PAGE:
Red-bellied parrots may be the best talkers of all the Poicephalus parrots. They may also be the shyest of this group. You can place little “hide boxes” in their cages to provide extra security for them, but make sure you let a good amount of light into the boxes, or you may accidentally trigger nesting behavior. Red-bellied parrots are sexually dimorphic, that is, the male and female of the species display different feather colors.

As with all parrots, there are always exceptions to these general rules. Lisa Szumita, a parrot lover in West Point, Utah, counts a Meyer’s and red-bellied parrot among her flock. She says the reverse is true with both her birds when it comes to talking.

“Tinker, my Meyer’s, actually talks better than Squeaker, my red-bellied parrot,” she says, “even though it’s supposed to be the other way around.”

She says both are very cuddly, although her two-year-old Meyer’s is going through a nippy stage right now.

“Tinker’s right in the middle of it, Squeaker went through it too, at about the same age, but he grew out of it.”

Jardine’s parrots display good talking potential. They are capable of developing large vocabularies, and are almost grey-like in their abilities to imitate sounds. They are also very accomplished whistlers. They are generally very even-tempered.

Jardine’s can develop Vitamin A deficiency more easily than other parrots. They also tend to produce overgrown beaks more so than parrots. You can counter the former problem with proper diet, the latter by making sure they have a constant supply of wooden toys to chew. If either becomes a problem, see an avian veterinarian ASAP.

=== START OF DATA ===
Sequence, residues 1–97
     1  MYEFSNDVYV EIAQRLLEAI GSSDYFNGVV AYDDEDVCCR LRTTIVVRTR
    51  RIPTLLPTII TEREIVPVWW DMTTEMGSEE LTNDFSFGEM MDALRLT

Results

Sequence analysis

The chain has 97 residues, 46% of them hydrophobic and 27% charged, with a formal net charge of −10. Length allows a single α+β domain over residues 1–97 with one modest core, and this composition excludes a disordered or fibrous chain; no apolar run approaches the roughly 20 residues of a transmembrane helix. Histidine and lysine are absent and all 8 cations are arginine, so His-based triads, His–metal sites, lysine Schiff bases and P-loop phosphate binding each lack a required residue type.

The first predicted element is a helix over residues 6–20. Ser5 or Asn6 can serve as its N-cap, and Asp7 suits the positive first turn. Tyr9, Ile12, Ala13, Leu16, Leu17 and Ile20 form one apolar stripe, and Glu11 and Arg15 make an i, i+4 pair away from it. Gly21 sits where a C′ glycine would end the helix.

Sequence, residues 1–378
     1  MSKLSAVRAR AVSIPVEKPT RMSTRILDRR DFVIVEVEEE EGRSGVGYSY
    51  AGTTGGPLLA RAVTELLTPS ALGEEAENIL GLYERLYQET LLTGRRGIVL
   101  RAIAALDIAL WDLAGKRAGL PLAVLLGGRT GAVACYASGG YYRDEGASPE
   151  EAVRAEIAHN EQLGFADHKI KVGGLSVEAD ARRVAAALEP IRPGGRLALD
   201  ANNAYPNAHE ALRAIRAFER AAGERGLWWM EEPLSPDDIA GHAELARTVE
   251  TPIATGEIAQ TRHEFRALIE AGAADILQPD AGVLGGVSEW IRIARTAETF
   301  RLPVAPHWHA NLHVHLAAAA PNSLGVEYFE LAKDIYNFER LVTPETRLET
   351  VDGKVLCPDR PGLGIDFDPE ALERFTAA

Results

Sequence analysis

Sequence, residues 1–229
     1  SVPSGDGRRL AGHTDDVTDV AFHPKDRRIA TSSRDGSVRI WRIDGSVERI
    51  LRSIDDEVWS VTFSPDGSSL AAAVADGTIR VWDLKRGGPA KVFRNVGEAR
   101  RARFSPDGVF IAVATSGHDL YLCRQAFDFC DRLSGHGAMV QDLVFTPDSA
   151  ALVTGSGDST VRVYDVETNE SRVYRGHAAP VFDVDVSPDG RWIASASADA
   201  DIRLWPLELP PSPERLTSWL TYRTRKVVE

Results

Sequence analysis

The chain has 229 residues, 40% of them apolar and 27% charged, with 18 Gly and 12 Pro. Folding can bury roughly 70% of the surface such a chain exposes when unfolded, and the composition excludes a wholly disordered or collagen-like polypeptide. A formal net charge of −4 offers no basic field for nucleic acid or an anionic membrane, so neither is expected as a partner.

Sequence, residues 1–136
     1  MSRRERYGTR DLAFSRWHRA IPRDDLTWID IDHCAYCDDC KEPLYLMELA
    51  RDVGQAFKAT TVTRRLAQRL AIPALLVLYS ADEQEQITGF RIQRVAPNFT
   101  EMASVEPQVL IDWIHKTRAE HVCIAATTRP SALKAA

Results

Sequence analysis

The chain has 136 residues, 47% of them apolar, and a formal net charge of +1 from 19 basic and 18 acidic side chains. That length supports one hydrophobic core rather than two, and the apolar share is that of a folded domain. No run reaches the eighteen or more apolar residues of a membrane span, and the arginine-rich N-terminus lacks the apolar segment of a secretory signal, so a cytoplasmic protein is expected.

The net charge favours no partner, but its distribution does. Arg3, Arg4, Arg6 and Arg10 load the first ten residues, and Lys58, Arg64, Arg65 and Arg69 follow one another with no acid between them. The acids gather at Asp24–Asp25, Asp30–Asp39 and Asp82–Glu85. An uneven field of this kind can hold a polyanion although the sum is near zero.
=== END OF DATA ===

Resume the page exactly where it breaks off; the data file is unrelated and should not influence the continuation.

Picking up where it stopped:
Brown-headed parrots boast a lot of “leasts:” of all the Poicephalus parrots, they are the least available as captive-bred birds; they are often the least expensive; and they tend to be the least likely to bite, as they sport a reputation as the mildest-tempered Poicephalus parrots.

Despite their activity, Poicephalus parrots tend to gain weight easily, so the usual diet rules for parrots are even more important in order to avoid obesity. Veggies should make up 30 to 50 per cent of their diet, particularly veggies that contain good amounts of Vitamins A, K, and E. This includes sweet potatoes, broccoli, carrots and squash. Peas and green beans are also good choices. Corn is not a good choice, as it is low in the nutrients, but high in calories (these little scamps get pudgy pretty easily, remember?). Another third of the diet should consist of pelleted formula. The remainder can include fruits like papayas, mangos, cantaloupes, bananas, grapes and apples, as well as some nuts, like almonds, walnuts and pine nuts. You can feed them treats of rice, potato pasta, chicken and lean meat occasionally.